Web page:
For the next two centuries, Tatars ruled most of Kievan Rus, now fragmented into a number of tributary states of the Golden Horde. A few principalities avoided direct occupation by the Tatars - Galicia-Volhynia in the southwest, Pskov in the north, and Novgorod in the northwest.

But because they were situated on the East European Plain, they were exposed and at risk. Galicia-Volhynia was invaded and annexed by Poland in 1349. Between the 13th and 16th centuries, Pskov was invaded by the German Livonian Order, Demark-Norway, Poland-Lithuania, and Sweden. Novgorod repulsed a Swedish invasion in 1240 and another by German crusader-knights two years later.

The Grand Duchy of Moscow emerged as the strongest of the successor states to Kievan Rus. It successfully challenged the power of the Golden Horde on the Ugra River in 1480. From that date, the power of the Golden Horde declined, and the Grand Duchy of Moscow continued ingathering the remnants of Kievan Rus - Yaroslavl (1463), Rostov (1474), Novgorod (1478), Tver (1485), Chernihiv (1503), Pskov (1510), Volokolamsk (1513), Smolensk (1514), Ryazan (1521), Novgorod-Seversky (1522) - into a unified state, a new Kievan Rus, Russia.

In 1547, Ivan IV ("the Terrible") was officially crowned first Czar of Russia. From then until now, regimes would come and go, boundaries would expand and contract, but "Russia" remained, intact and independent.

Russia remained but so did its geographical liability - no defensible borders. This poses a constant danger to its independence. Threats began in the south, then came from the west.

The Ottoman Empire invaded Russia in 1517, 1521, 1533-1547, 1552, 1555, 1562, 1568-1570, 1571, 1572, 1591, and 1592, plundering, torching Moscow twice, and abducting Russians for the slave markets in Crimea - known as the "harvesting of the steppe".

Russia's turmoil during the "Time of Troubles", 1598-1613, led to more invasions, incursions, and raids by Turks and Tatars. So many Russians were kidnapped, estimated at 200,000, the price for a slave in the Crimean slave bazaars plummeted.

While repulsing Turk and Tatar invasions from the south, Moscow began to drive east, annexing successor states of the Mongol Empire - the Khanate of Kazan (1552), the Khanate of Astrakhan (1556), and the Khanate of Sibir (1598). By 1649, Russians had reached the Pacific Ocean. There were many motives for expansion, including need to create strategic depth and defensible borders against threats from the East. What nature did not provide, Russians created with forts and settlers.

Victory in the east faced defeat in the west. During the Polish-Muscovite Wars, 1605-1618, Poland annexed Smolensk, occupied Moscow and sought to Polonaise and Catholicize the Russians.

From 1610-1617, Sweden invaded Russia, attempted to make a Swedish duke the Russian Czar, captured the historic principalities of Novgorod and Pskov, and annexed the Russian province of Ingria, site of present-day St. Petersburg, depriving Russia of its only port on the Baltic Sea.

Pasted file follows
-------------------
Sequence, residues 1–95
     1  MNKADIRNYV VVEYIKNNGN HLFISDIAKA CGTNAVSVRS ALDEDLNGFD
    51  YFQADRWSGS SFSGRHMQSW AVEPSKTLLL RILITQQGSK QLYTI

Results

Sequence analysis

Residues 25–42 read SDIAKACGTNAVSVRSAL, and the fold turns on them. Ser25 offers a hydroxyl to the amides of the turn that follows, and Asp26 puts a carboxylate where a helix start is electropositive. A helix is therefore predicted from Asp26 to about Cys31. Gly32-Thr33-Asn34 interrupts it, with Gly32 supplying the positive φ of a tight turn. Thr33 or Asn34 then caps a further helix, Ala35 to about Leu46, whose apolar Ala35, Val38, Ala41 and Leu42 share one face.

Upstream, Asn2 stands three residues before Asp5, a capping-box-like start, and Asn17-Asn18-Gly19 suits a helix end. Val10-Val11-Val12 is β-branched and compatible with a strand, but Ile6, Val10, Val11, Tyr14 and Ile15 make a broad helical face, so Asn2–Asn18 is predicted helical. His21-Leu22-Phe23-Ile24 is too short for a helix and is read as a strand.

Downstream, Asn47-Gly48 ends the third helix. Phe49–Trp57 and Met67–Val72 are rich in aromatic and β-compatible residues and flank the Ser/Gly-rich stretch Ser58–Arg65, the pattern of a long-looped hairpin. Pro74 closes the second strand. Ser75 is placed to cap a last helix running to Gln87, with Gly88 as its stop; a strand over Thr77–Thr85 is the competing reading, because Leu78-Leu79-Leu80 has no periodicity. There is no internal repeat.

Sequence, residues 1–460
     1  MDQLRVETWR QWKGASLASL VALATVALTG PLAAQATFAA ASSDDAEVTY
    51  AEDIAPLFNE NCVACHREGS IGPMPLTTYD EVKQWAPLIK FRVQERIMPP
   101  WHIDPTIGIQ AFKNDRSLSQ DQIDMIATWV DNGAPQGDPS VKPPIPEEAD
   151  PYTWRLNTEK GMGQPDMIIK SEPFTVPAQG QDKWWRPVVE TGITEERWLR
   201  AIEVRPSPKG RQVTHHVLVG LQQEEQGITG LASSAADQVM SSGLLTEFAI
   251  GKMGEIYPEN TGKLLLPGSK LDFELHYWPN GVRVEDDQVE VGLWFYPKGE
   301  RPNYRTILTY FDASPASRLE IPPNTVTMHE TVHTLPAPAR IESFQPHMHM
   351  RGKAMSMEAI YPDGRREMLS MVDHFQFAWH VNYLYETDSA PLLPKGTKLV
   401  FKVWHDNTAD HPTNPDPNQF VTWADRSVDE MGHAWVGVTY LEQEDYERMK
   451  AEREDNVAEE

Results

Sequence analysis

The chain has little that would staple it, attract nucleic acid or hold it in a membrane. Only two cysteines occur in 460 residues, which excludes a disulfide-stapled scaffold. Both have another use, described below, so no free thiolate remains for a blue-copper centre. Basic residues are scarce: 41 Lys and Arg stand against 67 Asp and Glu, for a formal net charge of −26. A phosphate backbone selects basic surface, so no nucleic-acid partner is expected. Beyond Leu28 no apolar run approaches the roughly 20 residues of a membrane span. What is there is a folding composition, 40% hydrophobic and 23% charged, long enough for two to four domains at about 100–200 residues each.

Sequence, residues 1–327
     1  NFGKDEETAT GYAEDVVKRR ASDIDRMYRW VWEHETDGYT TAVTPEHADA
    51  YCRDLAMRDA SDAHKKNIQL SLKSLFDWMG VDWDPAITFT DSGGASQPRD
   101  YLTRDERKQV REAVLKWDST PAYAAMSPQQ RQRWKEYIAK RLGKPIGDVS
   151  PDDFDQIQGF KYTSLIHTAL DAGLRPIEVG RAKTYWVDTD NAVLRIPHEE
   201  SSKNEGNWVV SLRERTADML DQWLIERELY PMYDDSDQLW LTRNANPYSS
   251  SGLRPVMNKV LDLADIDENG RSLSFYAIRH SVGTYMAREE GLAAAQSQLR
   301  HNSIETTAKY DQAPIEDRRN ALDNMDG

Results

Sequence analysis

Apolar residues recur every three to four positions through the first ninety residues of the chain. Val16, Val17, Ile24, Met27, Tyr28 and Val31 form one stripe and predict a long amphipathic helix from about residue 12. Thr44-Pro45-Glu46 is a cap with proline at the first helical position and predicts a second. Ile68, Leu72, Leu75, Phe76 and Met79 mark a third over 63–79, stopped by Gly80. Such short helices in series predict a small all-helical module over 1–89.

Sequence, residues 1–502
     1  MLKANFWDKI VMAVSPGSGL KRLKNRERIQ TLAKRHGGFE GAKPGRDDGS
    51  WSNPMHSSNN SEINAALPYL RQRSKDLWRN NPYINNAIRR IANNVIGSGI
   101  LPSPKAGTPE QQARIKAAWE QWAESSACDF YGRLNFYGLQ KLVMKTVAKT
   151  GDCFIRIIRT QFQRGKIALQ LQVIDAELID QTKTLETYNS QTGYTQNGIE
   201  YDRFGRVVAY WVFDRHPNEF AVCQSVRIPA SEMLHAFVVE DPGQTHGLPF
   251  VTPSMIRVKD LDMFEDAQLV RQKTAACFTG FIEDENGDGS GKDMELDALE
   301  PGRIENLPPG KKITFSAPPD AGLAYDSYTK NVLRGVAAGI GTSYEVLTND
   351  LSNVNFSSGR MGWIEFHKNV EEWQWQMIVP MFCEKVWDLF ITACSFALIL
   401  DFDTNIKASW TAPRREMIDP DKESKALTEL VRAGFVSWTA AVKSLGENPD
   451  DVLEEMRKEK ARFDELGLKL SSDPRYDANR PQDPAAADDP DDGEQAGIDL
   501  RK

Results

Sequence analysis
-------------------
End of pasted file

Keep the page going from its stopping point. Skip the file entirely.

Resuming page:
Beginning mid-century, Russia's western border stabilized. In 1648, Cossacks in southern Poland, Zaporizhia, present-day central Ukraine, revolted against Polish rule. When they sought Russian support, it ignited the Russo-Polish War of 1654-1667. From which, a victorious Russia acquired all lands east of the Dnieper, including Kiev.

Sweden invaded Russia again in 1700 and 1707. But the Swedish army was defeated at the Battle of Poltava in 1709 in central Ukraine, having first been decimated by Russia's Winter and left to starve to death by the Russian practice of "scorched-earth", whereby Russians burn their own crops to deprive the enemy of sustenance. With its defeat in the Great Northern War (1700-1721) Sweden ceased to be a major European power and Russia's drive westward accelerated.

Strategic depth was achieved with the third partition of Poland in 1795. Russia extended its border westward. It now stretched from western Latvia in the north to all lands east of the Nieman River in Lithuania and Belarus in the centre, to Volhynia in Ukraine in the south.

By defeating Sweden, again, in 1809, Russia acquired Finland, providing St. Petersburg with protection from invasion from the north.

In 1812, Napoleon invaded Russia. His Grande Armée, 500,000 troops, was destroyed by Russia's Winter and defeated by Russian forces, military and civilian. It was a victory achieved as a result of strategic depth, the distance between the invasion front and Russia's capital, which insured fatal logistical problems for Napoleon's march from Warsaw to Moscow. Problems compounded by the Russian tactic of "scorched earth". After six months, Napoleon was forced to retreat. His army shattered. "According to the popular legend only about 22,000 of Napoleon's men survived."

After Napoleon's defeat at Waterloo and exile to St. Helena in the mid-Atlantic, the Congress of Vienna in 1815 awarded much of the Grand Duchy of Warsaw, a French client state created by Napoleon, to Russia. This extended Russia's strategic depth an additional 300 miles to the west from Brest, Belarus to Kalisz, Poland.

As a result of World War I, strategic depth was lost by the Treaty of Brest-Litovsk, March 3, 1918, between the Central Powers and the Bolsheviks. The Baltic states, Finland, Poland, Belarus, Ukraine, Georgia, Armenia, and Azerbaijan became independent. Russia's western and Caucasus borders reverted to those of 1598. But strategic depth had protected the Russian heartland from German invasion during World War I for three years until Russia's military collapsed at the end of 1917. By 1922, however, much of the strategic depth was restored with the Bolshevik conquest of Belarus, Ukraine, Georgia, Armenia, and Azerbaijan and their incorporation into the new Soviet Union.